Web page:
Unit – I C

Blood Groups

  • Karl Landsteiner in 1900 discovered that blood in all persons is not alike and hence clumping or agglutination occurs on mixing of blood of certain persons.
  • Blood group is determined by the antigens present on the surface of RBC’s.
  • An antigen is a molecule (in this case a carbohydrate) that acts as a signal, enabling the body to recognize foreign substances in the body.
  • Human blood is classified into 4 main groups: A, B, AB and O. Each can be either Rhesus + ve or Rhesus – ve, giving 8 groups in all.
  • Blood grouping is the identification of the antigens in a blood sample. This system is called ABO system.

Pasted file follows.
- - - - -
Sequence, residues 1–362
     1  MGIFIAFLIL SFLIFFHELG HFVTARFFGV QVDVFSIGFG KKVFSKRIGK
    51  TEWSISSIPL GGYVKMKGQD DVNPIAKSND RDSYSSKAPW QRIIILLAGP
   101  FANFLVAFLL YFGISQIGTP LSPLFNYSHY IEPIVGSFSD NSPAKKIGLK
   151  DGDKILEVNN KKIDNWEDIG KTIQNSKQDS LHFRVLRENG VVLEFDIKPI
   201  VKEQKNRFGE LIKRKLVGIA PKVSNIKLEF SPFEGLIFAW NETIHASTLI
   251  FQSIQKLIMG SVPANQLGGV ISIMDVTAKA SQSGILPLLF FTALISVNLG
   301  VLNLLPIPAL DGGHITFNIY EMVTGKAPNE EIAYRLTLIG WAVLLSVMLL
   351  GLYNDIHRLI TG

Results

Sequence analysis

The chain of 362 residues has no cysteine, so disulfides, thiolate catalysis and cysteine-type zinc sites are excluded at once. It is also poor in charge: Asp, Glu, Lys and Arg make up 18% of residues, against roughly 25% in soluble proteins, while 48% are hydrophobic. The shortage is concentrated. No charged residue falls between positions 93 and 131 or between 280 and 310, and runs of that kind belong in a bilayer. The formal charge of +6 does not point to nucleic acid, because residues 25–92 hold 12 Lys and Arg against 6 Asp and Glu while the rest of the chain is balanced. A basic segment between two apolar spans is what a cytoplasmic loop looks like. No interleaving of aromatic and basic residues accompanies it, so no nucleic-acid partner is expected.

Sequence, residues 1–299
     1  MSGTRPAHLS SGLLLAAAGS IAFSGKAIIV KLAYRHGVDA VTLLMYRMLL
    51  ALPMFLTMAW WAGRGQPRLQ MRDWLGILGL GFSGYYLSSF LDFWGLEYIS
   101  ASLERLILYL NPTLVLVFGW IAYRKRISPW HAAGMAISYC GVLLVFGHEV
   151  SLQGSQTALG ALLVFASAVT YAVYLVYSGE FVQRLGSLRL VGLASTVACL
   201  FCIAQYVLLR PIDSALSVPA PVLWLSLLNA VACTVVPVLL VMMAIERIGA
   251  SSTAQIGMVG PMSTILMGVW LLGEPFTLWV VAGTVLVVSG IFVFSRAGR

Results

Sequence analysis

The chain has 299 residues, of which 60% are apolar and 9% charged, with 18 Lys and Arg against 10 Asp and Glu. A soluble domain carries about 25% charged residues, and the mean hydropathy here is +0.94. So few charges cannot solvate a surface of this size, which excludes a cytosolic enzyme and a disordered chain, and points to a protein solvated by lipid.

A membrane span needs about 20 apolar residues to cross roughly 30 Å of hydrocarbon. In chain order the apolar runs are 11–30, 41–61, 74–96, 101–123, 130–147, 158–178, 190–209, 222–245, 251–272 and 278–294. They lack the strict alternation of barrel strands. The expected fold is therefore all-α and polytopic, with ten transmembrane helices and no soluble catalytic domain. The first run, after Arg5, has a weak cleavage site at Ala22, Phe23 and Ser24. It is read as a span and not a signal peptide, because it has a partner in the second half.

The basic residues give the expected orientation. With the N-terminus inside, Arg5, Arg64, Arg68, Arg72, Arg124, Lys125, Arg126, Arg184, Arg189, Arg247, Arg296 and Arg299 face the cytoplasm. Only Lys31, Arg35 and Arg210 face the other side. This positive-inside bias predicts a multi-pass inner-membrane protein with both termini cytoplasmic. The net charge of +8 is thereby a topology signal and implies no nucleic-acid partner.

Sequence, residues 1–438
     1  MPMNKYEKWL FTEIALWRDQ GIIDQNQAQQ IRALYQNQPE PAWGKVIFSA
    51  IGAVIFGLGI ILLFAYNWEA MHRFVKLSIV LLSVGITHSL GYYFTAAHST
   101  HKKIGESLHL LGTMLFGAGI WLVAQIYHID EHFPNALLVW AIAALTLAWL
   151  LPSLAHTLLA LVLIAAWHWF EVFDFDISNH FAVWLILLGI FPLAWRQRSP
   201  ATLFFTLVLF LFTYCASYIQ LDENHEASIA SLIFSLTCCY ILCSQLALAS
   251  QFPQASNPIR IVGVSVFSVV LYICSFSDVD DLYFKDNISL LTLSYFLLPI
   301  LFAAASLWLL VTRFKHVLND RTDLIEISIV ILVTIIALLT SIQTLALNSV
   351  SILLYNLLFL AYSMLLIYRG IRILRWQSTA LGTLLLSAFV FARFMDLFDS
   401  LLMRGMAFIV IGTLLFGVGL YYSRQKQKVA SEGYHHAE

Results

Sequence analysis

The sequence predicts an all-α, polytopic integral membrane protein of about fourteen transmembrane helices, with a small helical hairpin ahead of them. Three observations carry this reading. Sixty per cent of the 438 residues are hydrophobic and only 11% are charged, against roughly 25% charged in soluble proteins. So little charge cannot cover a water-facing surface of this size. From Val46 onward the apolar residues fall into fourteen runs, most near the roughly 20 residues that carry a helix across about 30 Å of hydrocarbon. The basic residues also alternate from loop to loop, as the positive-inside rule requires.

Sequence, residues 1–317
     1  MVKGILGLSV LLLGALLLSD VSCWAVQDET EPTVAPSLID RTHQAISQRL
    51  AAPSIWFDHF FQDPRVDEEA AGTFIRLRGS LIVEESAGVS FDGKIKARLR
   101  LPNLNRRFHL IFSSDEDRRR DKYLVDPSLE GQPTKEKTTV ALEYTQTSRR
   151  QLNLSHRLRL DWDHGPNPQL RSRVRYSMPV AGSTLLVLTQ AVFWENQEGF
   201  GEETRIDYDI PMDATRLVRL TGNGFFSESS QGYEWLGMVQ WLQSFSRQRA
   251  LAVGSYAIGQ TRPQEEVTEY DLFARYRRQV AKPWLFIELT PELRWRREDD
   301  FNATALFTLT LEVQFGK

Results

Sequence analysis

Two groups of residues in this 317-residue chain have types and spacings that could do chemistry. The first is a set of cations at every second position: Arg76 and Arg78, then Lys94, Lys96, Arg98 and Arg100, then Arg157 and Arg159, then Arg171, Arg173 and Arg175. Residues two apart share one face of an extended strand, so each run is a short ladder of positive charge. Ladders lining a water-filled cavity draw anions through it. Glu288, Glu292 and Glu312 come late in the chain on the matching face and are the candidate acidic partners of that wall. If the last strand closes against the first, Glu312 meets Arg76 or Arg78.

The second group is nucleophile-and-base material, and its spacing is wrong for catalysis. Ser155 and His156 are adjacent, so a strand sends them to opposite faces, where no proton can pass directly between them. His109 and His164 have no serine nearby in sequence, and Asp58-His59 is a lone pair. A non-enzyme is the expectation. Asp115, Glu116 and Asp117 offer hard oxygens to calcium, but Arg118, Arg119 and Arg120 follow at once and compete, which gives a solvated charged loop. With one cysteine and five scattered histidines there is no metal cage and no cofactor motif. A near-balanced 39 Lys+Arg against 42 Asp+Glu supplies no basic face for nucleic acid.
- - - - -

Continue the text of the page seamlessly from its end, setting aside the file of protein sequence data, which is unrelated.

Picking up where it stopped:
• The ABO system is based on the A and B antigens. It classifies blood by the antigens on the surface of the RBC’s and the antibodies circulating in the plasma. An individual’s RBC’s may carry an A antigen, a B antigen, both A and B antigens, or no antigen at all. These antigen patterns are called blood types A, B, AB and O, respectively.
Blood Group Antigen
A Has only A antigen on red cells (and B antibody in the plasma)
B Has only B antigen on red cells (and A antibody in the plasma)
AB Has both A and B antigens on red cells (but neither A nor B antibody in the plasma)
O Has neither A nor B antigens on red cells (but both A and B antibody are in the plasma)

Genetic Basis of Blood Groups:

  • The gene I controls ABO blood groups it has three allele; IA , IB and i.
  • The allele IA and IB produce slightly different types of sugar and allele i does not produce any sugar.